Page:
News + Notes

We asked Judge Jules Edwards about his bid for City Court Judge. Here’s what he said.

We don’t ask the questions. You do.

This election season, we’re hosting reader Q&A’s with local candidates on the November ballot in a digital town hall format. Each session connects readers with candidates for conversation about the issues that matter most to them.

Check out our Election Guide for more resources and candidate info.

Learn more about Jules Edwards and his platform using the links below.

Q: Can you tell us a little bit about yourself? 

Judge Edwards: I am a state trial court judge who has presided in Division B of the 15th Judicial District Court for 27-years, and I have 30-years of Military Experience. I enlisted as a Private in the USMCR and finished my military career as a Colonel in the LAARNG.  I am married, and we have three wonderful and accomplished adult children and a delightful daughter-in-law. I am a candidate for Division A of the Lafayette City Court and I want to bring evidence-based practices to the City Court to improve the quality of life in Lafayette.

Q: Some people might think of City Court as a place to pay traffic fines. How can you “improve quality of life” with a seat on the City Court bench?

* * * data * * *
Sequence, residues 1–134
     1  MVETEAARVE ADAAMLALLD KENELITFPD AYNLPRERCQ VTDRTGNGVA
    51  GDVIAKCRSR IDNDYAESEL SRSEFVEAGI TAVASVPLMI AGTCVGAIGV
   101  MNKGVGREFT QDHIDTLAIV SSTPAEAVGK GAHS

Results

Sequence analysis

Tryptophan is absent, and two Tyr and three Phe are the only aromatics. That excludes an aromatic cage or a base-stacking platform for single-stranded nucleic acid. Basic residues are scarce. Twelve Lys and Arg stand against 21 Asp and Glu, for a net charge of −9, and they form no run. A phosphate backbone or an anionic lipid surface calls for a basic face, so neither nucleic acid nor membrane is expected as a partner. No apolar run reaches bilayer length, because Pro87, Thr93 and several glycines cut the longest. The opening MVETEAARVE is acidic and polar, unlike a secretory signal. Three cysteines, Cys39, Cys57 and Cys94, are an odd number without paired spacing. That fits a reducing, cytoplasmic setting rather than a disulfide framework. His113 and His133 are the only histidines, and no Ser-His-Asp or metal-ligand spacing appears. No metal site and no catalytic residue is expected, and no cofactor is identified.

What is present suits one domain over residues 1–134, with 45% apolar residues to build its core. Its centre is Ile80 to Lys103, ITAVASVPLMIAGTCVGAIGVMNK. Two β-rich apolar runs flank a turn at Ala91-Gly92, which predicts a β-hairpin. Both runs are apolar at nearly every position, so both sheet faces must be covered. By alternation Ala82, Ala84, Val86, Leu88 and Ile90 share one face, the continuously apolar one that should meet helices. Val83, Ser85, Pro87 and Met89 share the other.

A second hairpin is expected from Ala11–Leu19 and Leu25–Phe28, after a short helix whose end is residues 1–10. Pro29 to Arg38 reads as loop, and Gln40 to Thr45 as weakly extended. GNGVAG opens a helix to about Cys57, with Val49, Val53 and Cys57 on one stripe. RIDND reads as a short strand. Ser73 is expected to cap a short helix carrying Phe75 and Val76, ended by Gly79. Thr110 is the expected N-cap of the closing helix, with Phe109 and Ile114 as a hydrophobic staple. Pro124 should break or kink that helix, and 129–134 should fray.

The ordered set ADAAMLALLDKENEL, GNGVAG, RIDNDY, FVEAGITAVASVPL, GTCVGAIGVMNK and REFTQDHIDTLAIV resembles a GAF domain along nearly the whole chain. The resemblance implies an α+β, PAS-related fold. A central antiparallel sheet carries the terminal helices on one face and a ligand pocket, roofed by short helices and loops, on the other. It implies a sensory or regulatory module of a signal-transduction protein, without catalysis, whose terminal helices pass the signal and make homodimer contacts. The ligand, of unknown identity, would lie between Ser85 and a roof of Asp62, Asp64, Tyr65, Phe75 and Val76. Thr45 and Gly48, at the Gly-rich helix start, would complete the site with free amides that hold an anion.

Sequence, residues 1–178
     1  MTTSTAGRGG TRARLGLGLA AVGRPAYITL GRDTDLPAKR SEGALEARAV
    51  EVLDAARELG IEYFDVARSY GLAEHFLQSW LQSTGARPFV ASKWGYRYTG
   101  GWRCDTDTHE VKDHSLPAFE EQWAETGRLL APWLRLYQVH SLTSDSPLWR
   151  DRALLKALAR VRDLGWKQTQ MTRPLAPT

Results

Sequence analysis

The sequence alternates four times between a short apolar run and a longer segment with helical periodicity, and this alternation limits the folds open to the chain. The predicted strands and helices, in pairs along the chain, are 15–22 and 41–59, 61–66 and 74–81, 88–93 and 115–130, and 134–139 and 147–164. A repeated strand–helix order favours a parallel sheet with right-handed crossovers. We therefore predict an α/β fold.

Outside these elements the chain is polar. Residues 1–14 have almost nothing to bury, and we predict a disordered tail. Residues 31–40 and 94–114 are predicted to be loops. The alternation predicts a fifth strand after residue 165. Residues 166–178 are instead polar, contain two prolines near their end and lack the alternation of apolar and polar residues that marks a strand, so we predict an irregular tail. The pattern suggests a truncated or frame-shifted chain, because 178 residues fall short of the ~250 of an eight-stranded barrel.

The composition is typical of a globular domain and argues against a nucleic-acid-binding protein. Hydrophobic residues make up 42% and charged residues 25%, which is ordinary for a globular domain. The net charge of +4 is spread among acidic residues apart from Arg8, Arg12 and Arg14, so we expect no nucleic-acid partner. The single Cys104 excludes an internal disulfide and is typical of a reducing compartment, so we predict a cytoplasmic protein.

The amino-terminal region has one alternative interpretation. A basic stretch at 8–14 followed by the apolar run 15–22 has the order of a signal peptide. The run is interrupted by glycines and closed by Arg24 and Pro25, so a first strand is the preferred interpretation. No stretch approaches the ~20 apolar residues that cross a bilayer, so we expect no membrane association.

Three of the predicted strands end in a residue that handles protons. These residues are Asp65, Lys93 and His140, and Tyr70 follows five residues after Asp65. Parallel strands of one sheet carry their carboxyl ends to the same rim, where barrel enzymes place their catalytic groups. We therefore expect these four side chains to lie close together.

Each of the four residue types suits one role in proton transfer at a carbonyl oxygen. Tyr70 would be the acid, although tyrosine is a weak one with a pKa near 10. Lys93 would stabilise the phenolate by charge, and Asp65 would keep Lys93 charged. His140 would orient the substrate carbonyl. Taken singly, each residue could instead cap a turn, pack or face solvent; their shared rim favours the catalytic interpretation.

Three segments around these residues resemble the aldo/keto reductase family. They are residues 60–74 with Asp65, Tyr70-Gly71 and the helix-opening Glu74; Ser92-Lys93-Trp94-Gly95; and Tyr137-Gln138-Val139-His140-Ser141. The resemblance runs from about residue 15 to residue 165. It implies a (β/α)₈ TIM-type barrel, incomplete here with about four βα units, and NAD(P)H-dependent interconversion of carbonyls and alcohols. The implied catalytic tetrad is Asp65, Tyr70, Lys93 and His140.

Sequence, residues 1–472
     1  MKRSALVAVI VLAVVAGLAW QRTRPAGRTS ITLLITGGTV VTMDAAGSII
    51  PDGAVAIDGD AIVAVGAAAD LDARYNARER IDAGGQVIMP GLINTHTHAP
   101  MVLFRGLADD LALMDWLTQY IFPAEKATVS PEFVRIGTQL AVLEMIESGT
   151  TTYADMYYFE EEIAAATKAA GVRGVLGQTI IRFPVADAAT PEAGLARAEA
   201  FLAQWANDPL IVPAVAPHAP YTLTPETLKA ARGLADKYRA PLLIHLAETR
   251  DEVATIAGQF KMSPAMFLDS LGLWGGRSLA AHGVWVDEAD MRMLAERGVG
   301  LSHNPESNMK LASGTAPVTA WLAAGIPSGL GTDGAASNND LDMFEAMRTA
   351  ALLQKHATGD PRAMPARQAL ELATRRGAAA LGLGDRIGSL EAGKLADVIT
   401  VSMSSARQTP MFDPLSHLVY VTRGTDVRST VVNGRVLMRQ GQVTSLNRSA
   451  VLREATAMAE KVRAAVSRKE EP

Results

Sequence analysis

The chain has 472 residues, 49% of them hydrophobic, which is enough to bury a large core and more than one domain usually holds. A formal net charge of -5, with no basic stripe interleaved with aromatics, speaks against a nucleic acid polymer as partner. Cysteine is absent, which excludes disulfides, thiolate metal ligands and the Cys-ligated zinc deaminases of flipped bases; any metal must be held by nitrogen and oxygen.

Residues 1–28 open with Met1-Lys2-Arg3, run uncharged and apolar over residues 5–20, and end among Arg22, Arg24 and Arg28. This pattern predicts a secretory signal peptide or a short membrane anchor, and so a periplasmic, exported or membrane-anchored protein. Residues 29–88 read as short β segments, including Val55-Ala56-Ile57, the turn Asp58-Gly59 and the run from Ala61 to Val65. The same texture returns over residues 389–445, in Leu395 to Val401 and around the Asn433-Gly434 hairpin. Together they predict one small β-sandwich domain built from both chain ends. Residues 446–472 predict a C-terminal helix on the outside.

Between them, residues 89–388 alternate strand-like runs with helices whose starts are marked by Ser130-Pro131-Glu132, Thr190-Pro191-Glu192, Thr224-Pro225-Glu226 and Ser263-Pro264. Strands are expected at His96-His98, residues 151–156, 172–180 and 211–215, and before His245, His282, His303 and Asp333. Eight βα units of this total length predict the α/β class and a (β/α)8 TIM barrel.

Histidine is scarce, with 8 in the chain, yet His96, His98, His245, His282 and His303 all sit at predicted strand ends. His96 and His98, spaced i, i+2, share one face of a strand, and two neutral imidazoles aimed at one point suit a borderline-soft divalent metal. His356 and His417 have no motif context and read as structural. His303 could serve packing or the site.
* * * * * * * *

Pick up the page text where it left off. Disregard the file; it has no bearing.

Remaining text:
Judge Edwards: The Lafayette City Court is much more than a place to pay traffic fines. The Lafayette City Court is a fully functional trial court. The Lafayette City Court is however a court of limited jurisdiction because that court lacks the authority to try jury trials, felony cases, misdemeanor cases with penalties greater than 6-months in the parish jail, and civil cases involving damages greater than $20,000.

The Lafayette City Court can try traffic civil, criminal misdemeanor, juvenile delinquency, child in need of care, and families in need of services cases. Each of these types of disputes have a significant effect on the quality of life in the City of Lafayette.   A judge who has the required knowledge, skills, and ability to resolves these disputes can dramatically increase the sense of peace and security experienced in the city.

However, a judge who can show people how to resolve their disputes prior to coming to court, can inspire residents and visitors to truly love their neighbors and give the other that which is due to that other, render aid to the widows and orphan, the victims of domestic violence without waiting for the government to use taxpayer dollars to accomplish those things, is the kind of judge who can render a great service to the city. I am #88 on the ballot, and I am asking for an opportunity to be that kind of judge.